There are also different kinds of fuel cells and, especially, different fuels on which they can run: most of the more practical fuel options are hydrocarbons and involve CO2 emissions, though a fuel cell running on troublesome hydrogen emits only water vapour. (Bear in mind though that the hydrogen will probably be made by reforming natural gas and so emitting carbon.)
Another one the mayor's people evidently forgot or didn't know about is hydrogen internal combustion: it's actually fairly simple to run a normal car engine on hydrogen from a special tank instead of petrol, though it does involve some minor emissions apart from water vapour and it uses rather a lot of hydrogen. This means that one will normally need to store the stuff as a cryogenic liquid, which leads to the issue of the liquefied gas boiling off from its tank. Thus it's unwise to park such a vehicle in a confined space – or to leave it parked and fuelled up for too long, as all the fuel will be gone in a matter of days.
Some of the technologies mentioned are, as Mayor Boris tells us, "capable of zero tail pipe emission operation". Specifically, plug-in hybrids, battery-only cars, and hydrogen fuel-cell vehicles could be operated without any tailpipe emissions.
Battery-only cars would make terrible taxicabs: with technology likely to be available in a taxi by 2020, they would spend more time charging up than they would earning their keep, and even if fast-charging batteries and numerous industrial power outlets could be deployed that fast at reasonable cost, the brutal charge-discharge cycle implicit in taxi work would require prohibitively frequent replacements.
Hydrogen fuel cells might work better, but hydrogen supplies would be an issue and fuel cells are punishingly expensive. A black cab is already very pricey even using mainstream technology, and an affordable hydrogen fuel-cell one by 2020 – even with subsidies – is probably a pipedream.
The likeliest technology for the "zero emissions capable" taxi of 2020 is, of course, plug-in hybrid – it's no accident that this is the tech that General Motors is banking on with the Volt.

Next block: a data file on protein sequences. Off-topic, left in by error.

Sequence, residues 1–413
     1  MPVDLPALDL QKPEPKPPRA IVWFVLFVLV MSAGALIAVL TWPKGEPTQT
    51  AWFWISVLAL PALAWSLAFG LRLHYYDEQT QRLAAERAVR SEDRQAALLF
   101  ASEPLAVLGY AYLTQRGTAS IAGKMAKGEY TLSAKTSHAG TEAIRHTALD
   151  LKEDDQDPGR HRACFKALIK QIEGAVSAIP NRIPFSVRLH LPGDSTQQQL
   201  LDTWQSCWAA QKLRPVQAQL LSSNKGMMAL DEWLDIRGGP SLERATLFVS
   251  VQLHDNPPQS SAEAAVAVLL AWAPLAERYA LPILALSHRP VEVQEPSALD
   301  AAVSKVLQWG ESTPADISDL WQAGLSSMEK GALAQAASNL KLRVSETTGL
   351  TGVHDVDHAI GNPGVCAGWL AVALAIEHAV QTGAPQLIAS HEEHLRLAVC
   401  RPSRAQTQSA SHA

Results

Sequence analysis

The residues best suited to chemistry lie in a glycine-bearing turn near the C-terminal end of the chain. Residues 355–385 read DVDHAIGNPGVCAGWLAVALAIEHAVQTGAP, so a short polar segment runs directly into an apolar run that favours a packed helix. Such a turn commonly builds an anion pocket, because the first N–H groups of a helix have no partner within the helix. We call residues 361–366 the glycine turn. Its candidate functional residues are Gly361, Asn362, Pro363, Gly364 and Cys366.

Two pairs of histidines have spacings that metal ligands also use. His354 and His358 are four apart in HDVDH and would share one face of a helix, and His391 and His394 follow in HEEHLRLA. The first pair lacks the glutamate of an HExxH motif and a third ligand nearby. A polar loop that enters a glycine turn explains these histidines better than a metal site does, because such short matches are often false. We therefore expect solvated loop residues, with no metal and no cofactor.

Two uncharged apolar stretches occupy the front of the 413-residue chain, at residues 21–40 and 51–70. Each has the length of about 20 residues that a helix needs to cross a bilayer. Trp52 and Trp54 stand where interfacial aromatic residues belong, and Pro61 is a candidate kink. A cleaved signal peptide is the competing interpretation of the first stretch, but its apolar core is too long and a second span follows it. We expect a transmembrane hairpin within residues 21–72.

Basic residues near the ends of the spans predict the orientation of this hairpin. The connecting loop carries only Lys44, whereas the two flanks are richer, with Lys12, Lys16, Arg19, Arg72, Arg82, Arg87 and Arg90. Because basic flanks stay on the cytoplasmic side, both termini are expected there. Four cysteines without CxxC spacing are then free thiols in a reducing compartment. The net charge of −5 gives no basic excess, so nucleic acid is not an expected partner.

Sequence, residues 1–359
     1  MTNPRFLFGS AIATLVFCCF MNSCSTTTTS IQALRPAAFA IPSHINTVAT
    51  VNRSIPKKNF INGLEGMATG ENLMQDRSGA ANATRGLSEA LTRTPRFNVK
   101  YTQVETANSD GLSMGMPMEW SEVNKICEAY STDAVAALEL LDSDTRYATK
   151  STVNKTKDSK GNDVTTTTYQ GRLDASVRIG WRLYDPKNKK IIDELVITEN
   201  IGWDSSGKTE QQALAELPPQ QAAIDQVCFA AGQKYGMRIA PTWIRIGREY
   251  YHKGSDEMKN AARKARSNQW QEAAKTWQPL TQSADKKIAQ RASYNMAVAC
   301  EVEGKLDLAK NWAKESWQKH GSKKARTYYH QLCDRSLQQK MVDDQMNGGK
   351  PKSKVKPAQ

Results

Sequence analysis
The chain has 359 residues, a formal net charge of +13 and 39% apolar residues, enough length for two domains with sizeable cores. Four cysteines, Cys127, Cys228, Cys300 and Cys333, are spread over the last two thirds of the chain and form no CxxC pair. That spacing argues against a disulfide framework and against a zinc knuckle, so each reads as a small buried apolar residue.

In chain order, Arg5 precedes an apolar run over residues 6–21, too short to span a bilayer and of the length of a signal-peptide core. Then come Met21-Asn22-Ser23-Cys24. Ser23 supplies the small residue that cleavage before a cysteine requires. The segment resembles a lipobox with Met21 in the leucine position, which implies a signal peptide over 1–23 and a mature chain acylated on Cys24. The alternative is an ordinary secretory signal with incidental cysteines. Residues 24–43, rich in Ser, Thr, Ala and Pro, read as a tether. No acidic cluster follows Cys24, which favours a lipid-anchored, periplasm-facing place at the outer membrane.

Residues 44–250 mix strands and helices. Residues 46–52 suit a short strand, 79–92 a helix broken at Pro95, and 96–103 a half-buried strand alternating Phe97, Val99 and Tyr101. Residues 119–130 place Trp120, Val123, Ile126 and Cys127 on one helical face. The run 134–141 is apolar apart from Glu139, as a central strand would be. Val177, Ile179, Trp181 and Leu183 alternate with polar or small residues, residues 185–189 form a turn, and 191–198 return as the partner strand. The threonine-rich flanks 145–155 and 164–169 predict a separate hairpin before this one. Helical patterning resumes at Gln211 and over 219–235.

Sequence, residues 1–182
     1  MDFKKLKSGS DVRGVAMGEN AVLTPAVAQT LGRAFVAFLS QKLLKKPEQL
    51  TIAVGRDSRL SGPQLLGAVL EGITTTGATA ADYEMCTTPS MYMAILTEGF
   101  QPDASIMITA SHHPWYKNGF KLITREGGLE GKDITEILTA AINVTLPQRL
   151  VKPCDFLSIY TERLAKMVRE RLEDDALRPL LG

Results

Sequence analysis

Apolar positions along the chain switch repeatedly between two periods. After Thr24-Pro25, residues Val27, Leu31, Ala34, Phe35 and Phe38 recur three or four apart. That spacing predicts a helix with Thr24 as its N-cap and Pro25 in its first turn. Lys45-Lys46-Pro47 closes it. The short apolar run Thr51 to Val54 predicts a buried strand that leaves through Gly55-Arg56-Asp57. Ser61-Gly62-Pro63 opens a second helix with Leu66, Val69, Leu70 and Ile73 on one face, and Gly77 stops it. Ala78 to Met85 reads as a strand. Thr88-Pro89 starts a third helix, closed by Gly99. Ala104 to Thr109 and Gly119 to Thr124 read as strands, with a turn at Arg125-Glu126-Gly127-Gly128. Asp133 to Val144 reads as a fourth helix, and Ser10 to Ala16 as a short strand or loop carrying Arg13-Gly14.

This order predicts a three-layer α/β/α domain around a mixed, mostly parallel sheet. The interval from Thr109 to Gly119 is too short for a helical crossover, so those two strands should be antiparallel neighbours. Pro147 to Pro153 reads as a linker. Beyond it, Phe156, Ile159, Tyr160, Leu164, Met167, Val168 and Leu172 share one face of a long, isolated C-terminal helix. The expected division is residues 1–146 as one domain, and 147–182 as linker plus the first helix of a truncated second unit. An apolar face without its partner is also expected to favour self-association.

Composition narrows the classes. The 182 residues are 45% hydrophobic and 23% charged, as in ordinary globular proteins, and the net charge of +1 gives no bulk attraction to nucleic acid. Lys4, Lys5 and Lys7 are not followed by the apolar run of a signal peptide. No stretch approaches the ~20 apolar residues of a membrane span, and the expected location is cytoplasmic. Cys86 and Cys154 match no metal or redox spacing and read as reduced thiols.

The only snag with this is that a plug-in hybrid can only operate as a zero-emissions vehicle by driving small distances each day. This is quite feasible for a typical commuter, but hardly so in the case of a taxi driver. The first couple of dozen miles driven will be in zero-emission battery mode, and then for the rest of the day the engine will provide all the energy: the taxi will have become basically just another hybrid.
Nothing wrong with that, of course – hybrid has much lower emissions than a typical present day diesel cab – but the use of the term "zero emission" is at best ignorant and at worst misleading. The mayor might well expect to be punished by the media and the voters for making such a misleading pledge.
But in fact it wasn't highlighted by the mayor's office: the announcement of the strategy focused rather on simpler, nearer-term plans such as phasing out the oldest diesel cabs and introduction of twice-yearly inspections in place of annual – which latter should ensure that cabs are better adjusted and emit less pollution. Rather than CO2, it is emissions of NOx and particulates (eg diesel soot) which are a major issue in London.
In any case, Mayor Boris is probably safe from informed or accurate media analysis of his plans – even supposing he is still in the Mayor's office in 2020 to account for himself. The fabulous soaraway Guardian, having read the strategy, gaily assures us that "all London black cabs will be electric by 2010, says Boris Johnson" (picture caption and, less obviously wrongly, headline).
Quite apart from the fact that there are only a couple of weeks of 2010 left (whoops), what Mayor Boris actually has said is something more like "a small proportion of London black cabs will be electric for a small part of the day starting in 2020".
But what the hell, eh? Merry Xmas, Grauniad. ®